MENON: Journal of Educational Research, 3rd Thematic Issue, November 2018

MENONJournal Of Educational Research

3rd Thematic Issue




Our contemporary world is confronted with huge challenges, for example, issues related to climate change, food and health care for all, shortages of clean water, polluted agricultural land, or risks related to biofuels, modern genetics and gene technology. There are obviously no simple solutions to these complicated problems. “The key questions are: How can we confront such gigantic global challenges? What about global justice, equity, equality, and social righteousness? Where can we find solutions to these issues? Are there any possible so­lutions to be found? How could we approach, and understand the complexity of these questions? Where are the feasible potentials to be found?” (Fritzen & Tapola, 2009, p. 17)

menon_issue_3rd_special_112018_001.jpgIt is considered that some ways out of the challenges may be found within education. We need to cultivate teachers who, in turn, can coach a future generation that will feel responsible for nature and other human beings (Narvaez, 2006). However, since contemporary glo­bal challenges most likely also need to be addressed in political arenas, and not least through human behaviour and human action, it is not sufficient to merely rely on various types of subject matter education. The potentials of understanding the global challenges are to be found in the fact that moral and/or democratic dimensions may be linked to subject matters. If we are to find sustainable solutions to these challenges, these solutions probably require subject matter knowledge, a moral compass, and political will. Integration of subject matter and moral aspects in education is sometimes referred to as ‘the double assignment’ (Tapola & Fritzen, 2010), which is supposedly a central task for all teachers (Oser, 1994). “It can be understood as the assignment to communicate knowledge about subject matter and to contribute to the moral upbringing of the learners. Since all professional teachers become qualified via formal teacher education, we have reason to assume that teacher education include training in how to perform this double assignment.” (Fritzen & Tapola, 2009, p. 18)

The Linnaeus Project, an international project organised by the Linnaeus University in Sweden, focused on research issues related to the preconditions within teacher education concerning the double assignment. Researchers from seven European countries (Austria, Cyprus, Germany, Greece, Norway, Sweden, and Switzerland) participated in this project. This special issue of Menon originated from the Linnaeus Project. It will present several research studies which were conducted within the Linnaeus Project.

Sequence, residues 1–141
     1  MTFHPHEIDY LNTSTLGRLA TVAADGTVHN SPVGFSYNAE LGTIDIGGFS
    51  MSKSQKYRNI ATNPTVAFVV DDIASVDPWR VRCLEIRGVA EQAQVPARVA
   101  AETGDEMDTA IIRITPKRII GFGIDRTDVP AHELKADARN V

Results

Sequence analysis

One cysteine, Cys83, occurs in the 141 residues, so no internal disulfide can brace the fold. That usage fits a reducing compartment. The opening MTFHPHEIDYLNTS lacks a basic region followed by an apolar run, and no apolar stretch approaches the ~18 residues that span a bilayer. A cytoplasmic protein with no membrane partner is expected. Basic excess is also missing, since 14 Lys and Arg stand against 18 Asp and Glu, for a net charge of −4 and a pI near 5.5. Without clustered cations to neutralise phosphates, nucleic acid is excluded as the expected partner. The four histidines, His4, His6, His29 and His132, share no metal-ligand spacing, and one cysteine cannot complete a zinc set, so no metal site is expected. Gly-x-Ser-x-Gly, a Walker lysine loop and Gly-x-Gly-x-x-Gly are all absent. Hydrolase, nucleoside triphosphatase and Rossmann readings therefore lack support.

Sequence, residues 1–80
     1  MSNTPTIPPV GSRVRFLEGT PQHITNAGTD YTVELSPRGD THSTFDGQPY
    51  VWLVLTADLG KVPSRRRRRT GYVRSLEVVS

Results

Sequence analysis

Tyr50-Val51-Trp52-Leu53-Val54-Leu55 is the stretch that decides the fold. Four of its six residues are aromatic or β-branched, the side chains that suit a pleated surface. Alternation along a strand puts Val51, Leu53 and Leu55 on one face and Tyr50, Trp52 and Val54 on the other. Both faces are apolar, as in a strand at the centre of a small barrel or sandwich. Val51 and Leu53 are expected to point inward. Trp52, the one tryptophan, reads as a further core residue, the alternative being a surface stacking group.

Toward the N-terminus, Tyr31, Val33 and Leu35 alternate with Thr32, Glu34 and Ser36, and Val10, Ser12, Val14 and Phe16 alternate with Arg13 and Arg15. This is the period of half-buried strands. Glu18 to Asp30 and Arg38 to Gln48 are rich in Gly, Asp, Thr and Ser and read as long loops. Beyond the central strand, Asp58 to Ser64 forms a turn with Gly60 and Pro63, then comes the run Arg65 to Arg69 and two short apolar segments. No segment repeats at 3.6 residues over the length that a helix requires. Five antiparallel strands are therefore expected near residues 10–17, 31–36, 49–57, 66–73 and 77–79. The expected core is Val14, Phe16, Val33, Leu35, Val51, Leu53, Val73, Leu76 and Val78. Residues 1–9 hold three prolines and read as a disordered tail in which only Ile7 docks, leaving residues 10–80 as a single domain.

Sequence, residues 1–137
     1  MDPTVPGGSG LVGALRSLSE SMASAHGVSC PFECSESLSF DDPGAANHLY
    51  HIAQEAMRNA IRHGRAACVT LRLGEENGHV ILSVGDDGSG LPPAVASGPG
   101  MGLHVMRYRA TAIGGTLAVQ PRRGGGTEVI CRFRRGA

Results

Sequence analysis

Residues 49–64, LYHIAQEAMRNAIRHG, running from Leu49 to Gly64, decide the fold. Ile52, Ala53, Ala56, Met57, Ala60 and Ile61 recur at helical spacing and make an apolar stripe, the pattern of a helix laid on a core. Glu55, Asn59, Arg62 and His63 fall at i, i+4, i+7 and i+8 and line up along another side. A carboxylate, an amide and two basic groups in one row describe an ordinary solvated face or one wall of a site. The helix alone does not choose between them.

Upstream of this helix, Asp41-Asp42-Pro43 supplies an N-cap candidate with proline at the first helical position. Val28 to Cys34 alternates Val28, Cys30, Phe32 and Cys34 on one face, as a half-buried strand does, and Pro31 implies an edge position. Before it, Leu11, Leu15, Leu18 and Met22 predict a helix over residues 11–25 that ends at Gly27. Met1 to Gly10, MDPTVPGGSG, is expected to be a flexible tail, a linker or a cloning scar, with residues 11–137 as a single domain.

The authors explore the preconditions for the double assignment in teacher education from different perspectives. All chapters have undergone internal peer review, and some were also presented at international educational conferences. This special issue is useful for researchers, methodologists, students, and practitioners from different disciplines with an interest in the integration of moral and epistemological aims, the moral dimension of teaching, and socio-scientific learning.

Alfred Weinberger reports about a study which aims to explore the significance of the moral dimension as a precondition for the double assignment in school and teacher education. Based on a literature review the results reveal that the moral dimension is neglected or rarely implemented. Thus, the double assignment is not put into practice mainly due to the crowded curricula which focus on knowledge. Given the curricular conditions, the author concludes that one possibility to foster the moral dimension is to combine moral education and knowledge acquisition in teacher education using appropriate didactical approaches. He suggests the constructivist approach VaKE (Values and Knowledge Education) for the double assignment in teacher education.

Toft et al. explore the field of genetics and gene technology as an example of a key challenge to humanity. Based on an extensive literature search about the advantages and risks of this field they argue that questions related to genetics and gene technology only can be solved by taking into account necessary knowledge and the ability to identify and reveal the underpinning values. Toft et al. show by using the example of genetics and gene technology that a precondition for the double assignment in teacher education is the awareness of the complexity inherent to the key challenges to humanity which involve moral and epistemological issues.